Almost half of UK drivers wouldn’t report killing a dog with their car, according to new research.
A shocking 48 per cent of motorists said that they wouldn’t bother reporting the incident if the dog wasn't wearing a collar, with 34 per cent saying they wouldn’t bother even if the dog was tagged.
That’s despite it being a legal requirement to report any such incident to the police.
According to research by comparison site Uswitch, dogs are among the five most common animals killed on the country’s roads each year, with drivers in England’s north east most likely to report hitting one.
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Cats are also among the top five animal victims of road collisions but drivers were even less likely to report hitting one. Just 33 per cent would bother if the cat had a collar and only 22 per cent if it didn’t.
However, both domestic pets are far less likely to be killed than wild animals such as badgers, foxes and deer. In fact, while around 100 cat or dog casualties were reported between June 2019 and September 2020, nearly 296 incidents involving deer were reported. These, however, are only incidents reported to authorities and it is estimated that tens of thousands of deer are hit by cars every year but the incidents go unreported.
The data was gathered from road authorities around the UK via a Freedom of Information request and also revealed that the M5 in south-west England saw the most reported roadkill incidents, followed by the M6 and M62, while Southampton was the local authority with the most reports.
What is the law on hitting an animal?
The law around hitting an animal with your car varies depending on the species.
Although deer are the most common victim of incidents and are fairly large animals, it’s not a legal requirement to report crashing into one.
Similarly, you don’t need to report hitting cats, badgers or foxes.
However, under the Road Traffic Act (1988), you must report to police any collision with dogs, horses, cattle, pigs, goats, sheep, donkeys and mules.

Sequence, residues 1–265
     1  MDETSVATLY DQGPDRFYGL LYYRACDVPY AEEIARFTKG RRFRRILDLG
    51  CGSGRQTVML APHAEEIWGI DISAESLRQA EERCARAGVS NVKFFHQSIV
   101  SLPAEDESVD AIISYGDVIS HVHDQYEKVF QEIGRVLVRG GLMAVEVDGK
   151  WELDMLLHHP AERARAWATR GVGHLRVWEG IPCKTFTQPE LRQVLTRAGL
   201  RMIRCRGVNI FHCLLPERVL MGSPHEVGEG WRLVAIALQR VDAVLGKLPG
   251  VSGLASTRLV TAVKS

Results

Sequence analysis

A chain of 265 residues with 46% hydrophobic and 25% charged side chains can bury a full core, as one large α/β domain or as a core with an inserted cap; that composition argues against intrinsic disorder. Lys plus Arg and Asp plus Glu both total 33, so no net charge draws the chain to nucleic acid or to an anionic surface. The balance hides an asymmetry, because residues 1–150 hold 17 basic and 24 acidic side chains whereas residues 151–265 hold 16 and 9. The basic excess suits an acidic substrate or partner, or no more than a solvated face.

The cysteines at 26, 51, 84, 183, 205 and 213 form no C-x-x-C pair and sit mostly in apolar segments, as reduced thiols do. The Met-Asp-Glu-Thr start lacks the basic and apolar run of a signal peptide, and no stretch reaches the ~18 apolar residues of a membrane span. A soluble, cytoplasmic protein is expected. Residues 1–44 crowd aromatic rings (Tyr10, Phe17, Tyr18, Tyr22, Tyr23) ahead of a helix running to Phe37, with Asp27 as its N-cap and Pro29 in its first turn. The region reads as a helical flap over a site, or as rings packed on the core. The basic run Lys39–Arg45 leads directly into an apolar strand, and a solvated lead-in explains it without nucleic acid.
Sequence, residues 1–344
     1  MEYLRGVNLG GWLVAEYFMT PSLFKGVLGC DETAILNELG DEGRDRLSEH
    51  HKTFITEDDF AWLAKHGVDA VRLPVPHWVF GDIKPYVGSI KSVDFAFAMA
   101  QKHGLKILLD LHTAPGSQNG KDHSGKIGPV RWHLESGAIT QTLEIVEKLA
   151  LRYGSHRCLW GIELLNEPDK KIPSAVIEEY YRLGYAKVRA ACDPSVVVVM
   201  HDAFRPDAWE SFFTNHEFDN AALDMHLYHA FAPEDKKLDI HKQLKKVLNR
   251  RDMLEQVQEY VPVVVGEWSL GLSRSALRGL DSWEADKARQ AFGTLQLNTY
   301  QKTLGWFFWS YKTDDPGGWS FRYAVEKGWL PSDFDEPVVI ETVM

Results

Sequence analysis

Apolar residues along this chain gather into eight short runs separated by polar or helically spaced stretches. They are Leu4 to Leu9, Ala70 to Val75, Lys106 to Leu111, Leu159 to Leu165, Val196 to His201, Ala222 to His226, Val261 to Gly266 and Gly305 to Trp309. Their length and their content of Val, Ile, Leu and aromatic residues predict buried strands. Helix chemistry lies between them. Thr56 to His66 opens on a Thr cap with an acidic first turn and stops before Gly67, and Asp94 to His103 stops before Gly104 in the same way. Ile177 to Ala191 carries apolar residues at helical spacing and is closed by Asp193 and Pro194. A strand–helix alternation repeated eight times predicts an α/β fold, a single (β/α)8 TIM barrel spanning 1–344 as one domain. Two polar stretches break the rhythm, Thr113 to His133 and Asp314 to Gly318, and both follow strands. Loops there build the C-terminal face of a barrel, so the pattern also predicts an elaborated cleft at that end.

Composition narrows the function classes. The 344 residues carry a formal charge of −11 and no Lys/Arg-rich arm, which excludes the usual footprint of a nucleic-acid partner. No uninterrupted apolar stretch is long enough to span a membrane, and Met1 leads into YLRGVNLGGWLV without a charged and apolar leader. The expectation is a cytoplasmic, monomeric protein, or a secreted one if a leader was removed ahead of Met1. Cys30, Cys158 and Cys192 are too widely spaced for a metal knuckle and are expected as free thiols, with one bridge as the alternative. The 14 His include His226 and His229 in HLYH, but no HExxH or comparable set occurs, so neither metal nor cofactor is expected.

What to do if you hit an animal
As well as the legal aspect of hitting an animal with your car, there are also safety and moral issues.
If you do hit an animal you should stop - if it’s safe to do so - and check the animal. Be careful when approaching it as an injured animal is likely to be frightened and may try to attack you. If it’s dead there’s not much more you can do except ensure it’s not causing a dangerous obstruction but if it’s only injured call the RSPCA (0300 1234 999); SSPCA (03000 999 999) or USPCA (028 3025 1000) to report it. The RSPCA has advice on dealing with an injured wild animal.
With any dead animal if it’s causing an obstruction on the road and you can’t safely remove it, you should report it to the local council or police straight away to avoid it causing any further accidents. This is particularly important with deer as even a dead one can cause serious damage to a car.
Once you’ve dealt with the animal casualty you should also check over your car. Hitting even something as small as a dog could potentially damage your car. If your car is damaged it should be covered by insurance, although you’re likely to lose your no claims bonus.
As well as informing the police, if you hit someone’s pet, such as a cat or dog, you may want to try and let the owner know. Check if the animal has a collar or tag with contact details on it.